There’s been a certain euro manufacturer lately that’s pretty much grabbed the spotlight by launching a small electric SUV. It’s never fun being the bridesmaid, but it does mean more development time.
Can the $148,500 Audi e-tron fend off the $144,900 Jaguar I-PACE? Is it a better car than the I-PACE, or are buyers going to be more the ‘loyal to Audi’ type, rather than those who might swing either way.
Shortly after the e-tron pricing was announced, Jaguar dropped its price of the I-PACE to lower than that of the Audi. If there ever was a sign that Jaguar was seeing the e-tron as a genuine threat, that was it.
Audi invited us to the New Zealand reveal of the e-tron in Auckland. First up would be some low-level tech talk, followed by a reveal of the car.
Day two would be a very short drive of the e-tron. Since the initial press cars are all left-hand drive, we’d be accompanied by a chaperone, and our ‘drive’ would only be for 20 minutes, so not really enough time to get a feel for the car, but enough for a first impression.
First up though, we heard from Dean Sheed, Audi NZ General Manager. He says by 2025, Audi will be selling 30 electrified cars (to some degree), with about 12 will being 100% EV. Locally, there will be four EV cars for sale by the end of 2021.
But what about the e-tron? This car was launched in San Francisco late last year, and is built in Belgium. This plant is the first to be globally 100% C02 neutral, with roof-mounted solar panels that span 5 football fields, or 137,000sq/m, and these solar panels power the entire plant.
Eight days after it was officially announced in New Zealand, the entire year’s production run for New Zealand was sold out. Dean smiled a lot when he said this – and who can blame him.
Currently there are four e-trons in country, and all are left-hand drive. Audi have been using these cars for training their techs around the country in understanding and repairing high-voltage electronics. Since the e-tron runs a 400-volt battery system, that’s pretty important.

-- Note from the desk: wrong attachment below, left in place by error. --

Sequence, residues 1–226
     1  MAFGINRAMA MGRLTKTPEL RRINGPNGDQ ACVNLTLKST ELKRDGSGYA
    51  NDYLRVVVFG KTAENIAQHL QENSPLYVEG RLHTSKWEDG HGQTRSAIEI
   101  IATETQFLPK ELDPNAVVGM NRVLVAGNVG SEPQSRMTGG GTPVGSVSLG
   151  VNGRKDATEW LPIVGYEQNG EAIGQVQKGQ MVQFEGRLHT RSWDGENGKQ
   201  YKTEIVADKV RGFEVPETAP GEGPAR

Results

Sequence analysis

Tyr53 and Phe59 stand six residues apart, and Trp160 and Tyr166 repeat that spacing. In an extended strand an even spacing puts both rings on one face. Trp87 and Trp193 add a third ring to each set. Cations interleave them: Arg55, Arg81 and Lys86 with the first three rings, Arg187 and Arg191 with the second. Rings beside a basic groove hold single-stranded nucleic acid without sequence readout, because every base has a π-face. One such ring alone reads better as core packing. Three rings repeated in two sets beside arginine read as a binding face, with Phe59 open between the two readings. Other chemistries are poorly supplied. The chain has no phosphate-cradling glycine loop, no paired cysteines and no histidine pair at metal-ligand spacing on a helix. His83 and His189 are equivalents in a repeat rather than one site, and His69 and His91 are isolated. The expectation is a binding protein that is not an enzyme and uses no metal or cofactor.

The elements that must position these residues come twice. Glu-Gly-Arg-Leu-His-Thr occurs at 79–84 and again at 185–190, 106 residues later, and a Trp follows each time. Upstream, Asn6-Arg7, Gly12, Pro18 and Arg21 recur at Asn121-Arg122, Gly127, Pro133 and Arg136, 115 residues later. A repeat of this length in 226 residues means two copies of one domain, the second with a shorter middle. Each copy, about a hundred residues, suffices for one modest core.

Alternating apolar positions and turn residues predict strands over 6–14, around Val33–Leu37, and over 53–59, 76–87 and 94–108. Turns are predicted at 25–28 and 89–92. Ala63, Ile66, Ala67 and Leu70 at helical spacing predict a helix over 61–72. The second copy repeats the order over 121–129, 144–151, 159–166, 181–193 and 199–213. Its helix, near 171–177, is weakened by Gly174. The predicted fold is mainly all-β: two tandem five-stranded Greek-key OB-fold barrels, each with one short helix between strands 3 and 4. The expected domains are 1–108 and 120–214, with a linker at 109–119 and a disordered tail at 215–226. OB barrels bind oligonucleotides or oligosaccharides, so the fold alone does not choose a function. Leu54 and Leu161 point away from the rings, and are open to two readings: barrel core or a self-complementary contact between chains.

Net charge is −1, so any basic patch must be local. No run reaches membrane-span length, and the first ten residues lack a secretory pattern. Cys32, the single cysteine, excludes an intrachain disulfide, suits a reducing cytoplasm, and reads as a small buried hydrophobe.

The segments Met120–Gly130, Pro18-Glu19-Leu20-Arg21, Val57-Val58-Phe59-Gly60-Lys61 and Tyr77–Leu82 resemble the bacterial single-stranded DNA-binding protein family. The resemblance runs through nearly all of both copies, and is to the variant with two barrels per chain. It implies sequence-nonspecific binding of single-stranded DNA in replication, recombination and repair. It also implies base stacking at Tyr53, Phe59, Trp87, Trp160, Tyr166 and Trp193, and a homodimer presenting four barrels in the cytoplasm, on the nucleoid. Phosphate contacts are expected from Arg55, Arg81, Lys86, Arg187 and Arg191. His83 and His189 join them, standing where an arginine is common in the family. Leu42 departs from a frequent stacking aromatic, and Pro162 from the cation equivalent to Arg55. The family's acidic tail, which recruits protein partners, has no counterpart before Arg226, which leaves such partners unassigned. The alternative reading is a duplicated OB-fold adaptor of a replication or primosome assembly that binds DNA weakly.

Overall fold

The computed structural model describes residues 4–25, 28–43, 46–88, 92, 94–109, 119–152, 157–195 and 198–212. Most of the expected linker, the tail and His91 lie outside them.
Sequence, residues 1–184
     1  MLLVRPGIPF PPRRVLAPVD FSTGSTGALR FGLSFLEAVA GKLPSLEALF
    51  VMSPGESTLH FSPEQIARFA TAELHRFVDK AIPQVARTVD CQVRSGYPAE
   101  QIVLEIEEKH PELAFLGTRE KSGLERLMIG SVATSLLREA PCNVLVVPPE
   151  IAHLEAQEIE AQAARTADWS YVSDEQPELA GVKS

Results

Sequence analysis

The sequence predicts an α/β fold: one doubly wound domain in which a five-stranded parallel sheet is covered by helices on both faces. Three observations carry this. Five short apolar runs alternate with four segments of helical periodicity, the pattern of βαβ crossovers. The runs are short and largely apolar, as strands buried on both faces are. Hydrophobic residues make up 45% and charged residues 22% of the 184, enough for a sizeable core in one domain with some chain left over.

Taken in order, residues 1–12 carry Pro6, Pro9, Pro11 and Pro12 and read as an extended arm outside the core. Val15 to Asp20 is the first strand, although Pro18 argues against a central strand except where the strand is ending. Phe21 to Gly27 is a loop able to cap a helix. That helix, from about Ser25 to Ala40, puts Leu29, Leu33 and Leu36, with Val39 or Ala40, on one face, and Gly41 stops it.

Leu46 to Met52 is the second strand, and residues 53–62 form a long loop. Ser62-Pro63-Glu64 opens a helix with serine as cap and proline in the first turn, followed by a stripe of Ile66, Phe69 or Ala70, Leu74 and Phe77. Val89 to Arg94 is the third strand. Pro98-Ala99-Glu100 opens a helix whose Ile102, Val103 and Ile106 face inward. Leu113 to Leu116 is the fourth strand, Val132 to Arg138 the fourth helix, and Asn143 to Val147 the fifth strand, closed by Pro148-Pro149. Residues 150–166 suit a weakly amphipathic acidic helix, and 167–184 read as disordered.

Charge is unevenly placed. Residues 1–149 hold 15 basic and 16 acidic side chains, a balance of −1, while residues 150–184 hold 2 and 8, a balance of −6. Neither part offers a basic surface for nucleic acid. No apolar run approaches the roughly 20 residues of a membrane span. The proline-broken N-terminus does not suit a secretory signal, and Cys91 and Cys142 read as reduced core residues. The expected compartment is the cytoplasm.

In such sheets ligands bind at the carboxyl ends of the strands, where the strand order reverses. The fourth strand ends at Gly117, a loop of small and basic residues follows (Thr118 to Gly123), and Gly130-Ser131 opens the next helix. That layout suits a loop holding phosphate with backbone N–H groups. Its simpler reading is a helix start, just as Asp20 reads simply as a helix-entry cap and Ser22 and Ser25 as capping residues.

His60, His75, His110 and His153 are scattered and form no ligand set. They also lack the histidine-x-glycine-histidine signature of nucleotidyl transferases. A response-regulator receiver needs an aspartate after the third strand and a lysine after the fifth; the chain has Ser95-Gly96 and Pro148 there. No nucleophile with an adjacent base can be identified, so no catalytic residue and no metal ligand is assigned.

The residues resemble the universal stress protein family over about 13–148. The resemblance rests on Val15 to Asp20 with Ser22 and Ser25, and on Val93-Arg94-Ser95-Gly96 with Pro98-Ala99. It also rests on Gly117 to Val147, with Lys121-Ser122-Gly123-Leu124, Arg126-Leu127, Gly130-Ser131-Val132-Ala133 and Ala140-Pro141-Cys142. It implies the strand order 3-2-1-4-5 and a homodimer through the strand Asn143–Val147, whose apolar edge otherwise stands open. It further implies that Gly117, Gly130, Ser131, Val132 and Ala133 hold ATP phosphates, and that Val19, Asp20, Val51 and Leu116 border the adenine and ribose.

We’re still 8 weeks away from the first delivery of right-hand drive e-trons, so that’s not too long to wait. In fact, New Zealand is the first country in the Asia-Pacific region to get the e-tron, so Audi New Zealand are pretty proud of that.
The four LHD e-trons have also been used for other things, like making sure the car fits in with the public charging infrastructure, and also to improve and design home charging options. One option that is available is via a partnership with Vector and HRV. HRV and Vector will assess your home, then provide you with an electric report showing your power household usage, and then specify and install a domestic charger.
With standard charging facilities at home, Dean suggests an overnight charge will get you around 180km of additional range.
The new e-tron is capable of accepting a very high 150-kilowatt charge – the first EV in the world to achieve this. Since many of New Zealand’s ‘Fast Chargers’ are 50kW, you can see this is a massive improvement. Some Audi dealerships will have the new chargers, with the odd one having 175kW chargers onsite. This reduces the charge time for the customer considerably.
Speaking of batteries and charging, one of Dean’s first statements was that the e-tron “obliterates the range debate”. According to Audi, the e-tron should do around 420km on a single charge. That’s on par with the I-PACE, but the e-tron does have the ability to tow up to 1.8 ton.